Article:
The below article was taken from the “Practice of Leadership” blog. I found it worthy of sharing.
“Leaders live in fish bowl and are always being watched. They should always be conscious of that fact and take advantage of it.” – Gene Klann
Leaders are being watched all the time. Every gesture, action and word is being closely observed. In a New York Times article, “He Wants Subjects, Verbs and Objects” based on an interview with Richard Anderson, chief executive of Delta Air Lines, by Adam Bryant, Richard makes the following point…
“I’ve learned to be patient and not lose my temper. And the reason that’s important is everything you do is an example, and people look at everything you do and take a signal from everything you do. And when you lose your temper, it really squelches debate and sends the wrong signal about how you want your organization to run. And it was a good lesson.”
Everything you do is an example. Leaders are closely watched all the time. You are not only being closely watched, your actions are also being assessed and people rapidly draw conclusions. Conclusions about..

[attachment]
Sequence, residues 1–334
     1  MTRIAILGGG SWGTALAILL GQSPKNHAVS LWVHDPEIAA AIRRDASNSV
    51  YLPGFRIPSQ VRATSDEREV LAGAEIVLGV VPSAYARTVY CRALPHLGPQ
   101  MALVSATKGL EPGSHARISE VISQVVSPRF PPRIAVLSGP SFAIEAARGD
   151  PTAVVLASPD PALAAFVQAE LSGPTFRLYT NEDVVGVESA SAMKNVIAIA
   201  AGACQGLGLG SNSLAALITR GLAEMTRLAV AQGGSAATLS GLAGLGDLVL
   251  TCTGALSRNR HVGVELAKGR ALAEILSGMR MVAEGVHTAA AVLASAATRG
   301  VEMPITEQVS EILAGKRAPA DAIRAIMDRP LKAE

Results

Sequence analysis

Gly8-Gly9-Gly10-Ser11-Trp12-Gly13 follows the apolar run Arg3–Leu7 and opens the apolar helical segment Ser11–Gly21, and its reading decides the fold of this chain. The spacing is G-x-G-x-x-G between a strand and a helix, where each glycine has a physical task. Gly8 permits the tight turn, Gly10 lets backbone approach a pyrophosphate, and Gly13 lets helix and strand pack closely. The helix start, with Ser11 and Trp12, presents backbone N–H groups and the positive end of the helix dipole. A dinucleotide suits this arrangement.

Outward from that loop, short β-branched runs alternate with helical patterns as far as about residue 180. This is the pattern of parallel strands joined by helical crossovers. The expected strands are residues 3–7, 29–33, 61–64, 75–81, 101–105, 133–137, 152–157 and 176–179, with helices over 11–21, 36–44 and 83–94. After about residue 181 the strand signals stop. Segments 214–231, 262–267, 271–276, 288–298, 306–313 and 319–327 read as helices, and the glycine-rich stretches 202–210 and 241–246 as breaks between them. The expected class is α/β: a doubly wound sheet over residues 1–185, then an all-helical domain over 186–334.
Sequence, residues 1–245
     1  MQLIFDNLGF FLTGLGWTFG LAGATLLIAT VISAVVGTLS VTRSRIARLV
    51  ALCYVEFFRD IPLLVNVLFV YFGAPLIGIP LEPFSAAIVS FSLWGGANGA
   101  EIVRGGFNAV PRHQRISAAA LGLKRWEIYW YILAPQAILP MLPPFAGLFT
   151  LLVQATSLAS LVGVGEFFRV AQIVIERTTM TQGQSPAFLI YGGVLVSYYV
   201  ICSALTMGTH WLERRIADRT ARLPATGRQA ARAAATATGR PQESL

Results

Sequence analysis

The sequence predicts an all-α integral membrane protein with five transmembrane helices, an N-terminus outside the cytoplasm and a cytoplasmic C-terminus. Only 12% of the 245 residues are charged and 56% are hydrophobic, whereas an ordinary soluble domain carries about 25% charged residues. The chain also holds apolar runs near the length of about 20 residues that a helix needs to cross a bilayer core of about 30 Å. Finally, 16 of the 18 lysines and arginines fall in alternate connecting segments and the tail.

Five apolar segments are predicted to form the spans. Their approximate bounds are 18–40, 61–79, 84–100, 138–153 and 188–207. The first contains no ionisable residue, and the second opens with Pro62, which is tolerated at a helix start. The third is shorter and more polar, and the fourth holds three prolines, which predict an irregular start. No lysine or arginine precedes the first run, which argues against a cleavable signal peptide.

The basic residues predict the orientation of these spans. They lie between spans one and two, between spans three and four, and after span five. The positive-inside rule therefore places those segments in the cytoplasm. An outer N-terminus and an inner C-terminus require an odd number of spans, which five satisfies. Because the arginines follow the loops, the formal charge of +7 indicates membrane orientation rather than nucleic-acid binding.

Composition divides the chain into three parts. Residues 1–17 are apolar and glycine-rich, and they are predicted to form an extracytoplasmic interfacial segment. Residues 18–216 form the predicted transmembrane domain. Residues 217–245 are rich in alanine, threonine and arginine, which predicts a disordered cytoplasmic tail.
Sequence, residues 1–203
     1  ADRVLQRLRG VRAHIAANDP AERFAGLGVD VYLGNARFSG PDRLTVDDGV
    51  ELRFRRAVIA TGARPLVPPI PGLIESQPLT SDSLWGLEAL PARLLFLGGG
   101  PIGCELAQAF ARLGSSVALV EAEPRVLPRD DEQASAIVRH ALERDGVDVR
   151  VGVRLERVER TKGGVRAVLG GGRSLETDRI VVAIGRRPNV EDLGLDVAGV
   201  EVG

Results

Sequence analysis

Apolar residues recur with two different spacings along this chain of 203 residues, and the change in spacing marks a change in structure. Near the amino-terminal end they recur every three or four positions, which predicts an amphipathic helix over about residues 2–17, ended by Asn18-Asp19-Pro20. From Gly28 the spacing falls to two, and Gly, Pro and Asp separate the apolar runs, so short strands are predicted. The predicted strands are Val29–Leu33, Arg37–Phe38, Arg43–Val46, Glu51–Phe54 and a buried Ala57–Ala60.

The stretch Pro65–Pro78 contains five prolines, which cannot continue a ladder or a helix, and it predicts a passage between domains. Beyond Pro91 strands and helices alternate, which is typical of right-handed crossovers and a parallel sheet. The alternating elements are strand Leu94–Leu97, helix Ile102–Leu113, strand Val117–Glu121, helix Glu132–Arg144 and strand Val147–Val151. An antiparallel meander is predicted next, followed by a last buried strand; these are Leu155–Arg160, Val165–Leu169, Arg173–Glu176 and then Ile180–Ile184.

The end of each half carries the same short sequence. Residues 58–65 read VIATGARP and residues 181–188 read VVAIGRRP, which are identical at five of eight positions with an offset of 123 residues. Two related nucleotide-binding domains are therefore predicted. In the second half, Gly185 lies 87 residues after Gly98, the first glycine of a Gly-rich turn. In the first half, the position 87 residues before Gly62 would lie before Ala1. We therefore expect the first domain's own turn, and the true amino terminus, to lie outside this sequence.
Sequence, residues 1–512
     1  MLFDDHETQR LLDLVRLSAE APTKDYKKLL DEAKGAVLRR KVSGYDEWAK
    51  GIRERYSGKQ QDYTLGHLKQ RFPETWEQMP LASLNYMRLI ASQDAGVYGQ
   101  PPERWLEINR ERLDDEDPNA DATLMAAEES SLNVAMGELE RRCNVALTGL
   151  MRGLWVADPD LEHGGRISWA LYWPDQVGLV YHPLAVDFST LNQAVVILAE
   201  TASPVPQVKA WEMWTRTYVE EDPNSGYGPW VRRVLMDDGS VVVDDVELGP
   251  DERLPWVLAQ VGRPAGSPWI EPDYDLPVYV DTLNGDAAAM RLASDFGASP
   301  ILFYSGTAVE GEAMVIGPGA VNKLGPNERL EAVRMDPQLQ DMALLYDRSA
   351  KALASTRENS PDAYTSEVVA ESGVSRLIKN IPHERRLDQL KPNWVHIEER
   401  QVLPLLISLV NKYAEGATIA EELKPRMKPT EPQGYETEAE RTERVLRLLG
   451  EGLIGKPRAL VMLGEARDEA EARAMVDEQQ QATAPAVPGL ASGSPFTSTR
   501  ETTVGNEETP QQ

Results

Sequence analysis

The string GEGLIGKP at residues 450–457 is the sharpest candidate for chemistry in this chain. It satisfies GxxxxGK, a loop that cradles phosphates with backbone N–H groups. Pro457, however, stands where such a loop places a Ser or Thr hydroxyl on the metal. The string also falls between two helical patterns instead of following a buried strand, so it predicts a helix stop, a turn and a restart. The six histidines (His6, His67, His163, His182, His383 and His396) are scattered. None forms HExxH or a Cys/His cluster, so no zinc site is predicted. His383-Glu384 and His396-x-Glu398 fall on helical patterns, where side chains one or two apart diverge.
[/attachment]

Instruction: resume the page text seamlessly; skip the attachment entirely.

What is the right way to behave around here?
What are acceptable ways of getting things done?
What topics and ideas are “ok” to share and talk about? What ones are not “ok”?
How do decisions get made?
You get the idea. This means that leaders need to be a people of integrity all the time. As person of integrity you do what you say and say what you do. You are a living example of how things ought to be done. This means leaders do the right thing even when they don’t feel like it!
So? How do you stack up? How good has your example been? What needs to change?